Our perimeter fence is 16ft cattle panels with t-posts and a single hot wire installed at the top, which we jumper onto for paddocks fence power. Works great and the panels are modular, easy to remove the fence (making it reusable once a hedgerow grows in or easily repairable if a large pine tree falls on it, as happened to us last year).
 
George Tyler
Posts: 5
Location: West of Cascades (600' elevation; 44°N. Lat.) Sandy Soil
bee forest garden fungi
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With the electric ribbon, did you have a single-strand only?  I have American Guinea Hog Boars (1/2 size Pigs) kept in by two ribbons at about 8" and 20".  This keeps them in even when the power has been out for a few days.
Though, I must be sure that the Sows are penned downwind and not visible to the Boars.
Also, if the boars get to battling, one occasionaly gets pushed through the ribbons....

Okay, maybe the electric netting sounds pretty good actually.  Though quite spendy compared to ribbon.
 
Daniel Bowman
Posts: 74
Location: Sandy Mush, NC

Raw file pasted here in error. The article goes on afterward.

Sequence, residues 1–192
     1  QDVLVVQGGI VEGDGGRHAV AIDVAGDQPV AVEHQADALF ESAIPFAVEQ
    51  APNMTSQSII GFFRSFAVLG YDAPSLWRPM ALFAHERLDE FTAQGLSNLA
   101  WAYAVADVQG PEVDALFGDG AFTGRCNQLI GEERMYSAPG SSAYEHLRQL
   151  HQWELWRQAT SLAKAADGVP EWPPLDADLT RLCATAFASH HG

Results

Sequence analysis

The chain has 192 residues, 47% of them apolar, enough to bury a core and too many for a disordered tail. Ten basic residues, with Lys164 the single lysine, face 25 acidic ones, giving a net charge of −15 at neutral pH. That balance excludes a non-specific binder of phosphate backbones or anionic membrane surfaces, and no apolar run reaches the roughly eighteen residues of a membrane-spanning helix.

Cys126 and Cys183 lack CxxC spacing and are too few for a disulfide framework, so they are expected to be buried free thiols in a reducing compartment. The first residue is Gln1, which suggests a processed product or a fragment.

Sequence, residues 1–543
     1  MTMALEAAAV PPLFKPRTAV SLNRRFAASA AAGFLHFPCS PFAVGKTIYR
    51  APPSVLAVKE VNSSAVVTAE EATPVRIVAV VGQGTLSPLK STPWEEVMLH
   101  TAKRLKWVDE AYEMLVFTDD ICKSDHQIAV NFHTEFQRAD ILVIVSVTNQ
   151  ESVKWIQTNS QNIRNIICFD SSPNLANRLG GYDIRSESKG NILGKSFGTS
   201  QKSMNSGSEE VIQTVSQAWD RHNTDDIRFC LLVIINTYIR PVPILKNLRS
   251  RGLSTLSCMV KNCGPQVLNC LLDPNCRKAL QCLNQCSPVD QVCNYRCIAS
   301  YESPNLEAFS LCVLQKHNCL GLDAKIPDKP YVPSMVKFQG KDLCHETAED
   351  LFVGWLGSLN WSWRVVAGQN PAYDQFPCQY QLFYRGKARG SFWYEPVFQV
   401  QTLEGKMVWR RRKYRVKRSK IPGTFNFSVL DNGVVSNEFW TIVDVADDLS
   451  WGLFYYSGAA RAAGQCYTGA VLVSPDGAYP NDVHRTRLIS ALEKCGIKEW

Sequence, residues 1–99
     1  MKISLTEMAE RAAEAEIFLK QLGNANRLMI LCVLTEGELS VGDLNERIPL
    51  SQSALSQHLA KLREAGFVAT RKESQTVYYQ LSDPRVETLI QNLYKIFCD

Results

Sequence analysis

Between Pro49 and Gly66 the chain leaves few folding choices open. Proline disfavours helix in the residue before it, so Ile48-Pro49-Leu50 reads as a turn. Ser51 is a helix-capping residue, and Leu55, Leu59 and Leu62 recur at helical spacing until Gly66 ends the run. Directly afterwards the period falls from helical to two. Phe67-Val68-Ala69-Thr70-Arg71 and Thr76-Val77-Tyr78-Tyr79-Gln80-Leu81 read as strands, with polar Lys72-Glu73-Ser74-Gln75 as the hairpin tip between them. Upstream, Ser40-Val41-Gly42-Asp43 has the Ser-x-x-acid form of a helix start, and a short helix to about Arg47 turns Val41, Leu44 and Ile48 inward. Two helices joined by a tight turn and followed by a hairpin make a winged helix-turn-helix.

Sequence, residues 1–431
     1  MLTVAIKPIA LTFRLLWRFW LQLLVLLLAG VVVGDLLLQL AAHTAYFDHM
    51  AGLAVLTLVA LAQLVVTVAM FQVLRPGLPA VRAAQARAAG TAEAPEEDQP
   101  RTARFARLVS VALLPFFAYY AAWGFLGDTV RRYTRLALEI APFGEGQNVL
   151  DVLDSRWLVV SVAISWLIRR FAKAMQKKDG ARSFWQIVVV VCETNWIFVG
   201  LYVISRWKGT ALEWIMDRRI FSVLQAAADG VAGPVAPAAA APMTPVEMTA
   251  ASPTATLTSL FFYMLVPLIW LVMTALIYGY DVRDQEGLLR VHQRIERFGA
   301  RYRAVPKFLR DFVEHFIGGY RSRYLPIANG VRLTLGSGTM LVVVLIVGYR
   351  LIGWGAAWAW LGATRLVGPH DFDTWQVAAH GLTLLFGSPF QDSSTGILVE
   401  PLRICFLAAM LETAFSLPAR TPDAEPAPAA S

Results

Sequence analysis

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Haha, yeah pigs have great memories! I would honestly neglect to plug in our pig fence most of the time, but after an initial couple of shocks they would never test it again. Even when I had taken down a section of fence to move them into a new paddock and the fence is nowhere in sight, they would get super suspicious of crossing over the invisible line of where it used to be. Sometimes it would take several minutes of coaxing! Ahh, I miss them, can't wait for spring!

I would say that 99% of the time we used a single ribbon on our fence. I think for the first couple weeks I had both a high and low ribbon and maybe one other time I added a second ribbon in a tricky spot. The extra work didn't seem worth it to me, but also there was no real disaster if they got out.. they always either went wondering to find me or came wandering back home, since those big mountains of compost never seemed to magically appear anywhere else.

We moved our pigs every week or so and it took anywhere from 4-800 ft of fence to enclose their paddocks, depending on the location, which were all long rectangular strips on contour. It was not an efficient use of fence, but the pigs are multi-functional and we use them to terrace a forest edge hillside around alleys of trees. I figured the ribbon would save money and time, since I had in my head that netting would cost around $1/ft and ultimately be heavy, cumbersome and overkill for pigs. But now I think that the "half height" netting, while not exactly half the cost, is still probably worth it in terms of time and reliability.